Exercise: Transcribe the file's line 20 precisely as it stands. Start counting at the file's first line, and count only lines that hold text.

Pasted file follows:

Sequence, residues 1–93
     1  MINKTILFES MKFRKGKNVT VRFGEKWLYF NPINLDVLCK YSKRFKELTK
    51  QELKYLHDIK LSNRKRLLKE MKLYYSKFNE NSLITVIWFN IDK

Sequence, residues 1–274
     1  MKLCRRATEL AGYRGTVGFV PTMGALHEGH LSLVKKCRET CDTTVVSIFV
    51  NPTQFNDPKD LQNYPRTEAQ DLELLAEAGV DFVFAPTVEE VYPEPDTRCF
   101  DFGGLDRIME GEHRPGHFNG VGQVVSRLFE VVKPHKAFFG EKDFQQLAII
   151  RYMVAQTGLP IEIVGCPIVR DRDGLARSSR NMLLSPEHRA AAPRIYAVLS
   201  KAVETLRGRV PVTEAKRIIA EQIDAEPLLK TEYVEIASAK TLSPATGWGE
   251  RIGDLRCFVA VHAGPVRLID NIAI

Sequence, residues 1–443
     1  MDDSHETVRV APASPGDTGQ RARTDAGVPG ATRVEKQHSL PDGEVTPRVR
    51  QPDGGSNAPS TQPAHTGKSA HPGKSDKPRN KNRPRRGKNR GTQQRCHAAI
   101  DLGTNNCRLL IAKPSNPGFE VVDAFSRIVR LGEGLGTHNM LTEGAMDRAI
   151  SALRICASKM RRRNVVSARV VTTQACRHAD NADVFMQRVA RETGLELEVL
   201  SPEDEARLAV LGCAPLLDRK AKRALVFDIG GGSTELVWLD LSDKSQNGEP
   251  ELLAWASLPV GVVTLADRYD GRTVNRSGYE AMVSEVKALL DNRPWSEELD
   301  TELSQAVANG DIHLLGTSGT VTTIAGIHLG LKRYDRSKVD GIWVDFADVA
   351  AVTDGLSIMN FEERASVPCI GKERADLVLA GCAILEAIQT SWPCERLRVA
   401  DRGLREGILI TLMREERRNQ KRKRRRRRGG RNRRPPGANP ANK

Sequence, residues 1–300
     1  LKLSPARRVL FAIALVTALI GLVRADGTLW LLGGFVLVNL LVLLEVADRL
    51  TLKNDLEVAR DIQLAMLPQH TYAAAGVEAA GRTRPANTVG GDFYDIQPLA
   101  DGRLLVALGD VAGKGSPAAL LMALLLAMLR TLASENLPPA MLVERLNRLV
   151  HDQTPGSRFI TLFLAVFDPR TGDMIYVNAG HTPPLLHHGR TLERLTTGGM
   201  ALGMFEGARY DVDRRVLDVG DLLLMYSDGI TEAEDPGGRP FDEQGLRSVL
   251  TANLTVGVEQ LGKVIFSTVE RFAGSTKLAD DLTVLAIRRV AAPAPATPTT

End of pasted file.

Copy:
   401  DRGLREGILI TLMREERRNQ KRKRRRRRGG RNRRPPGANP ANK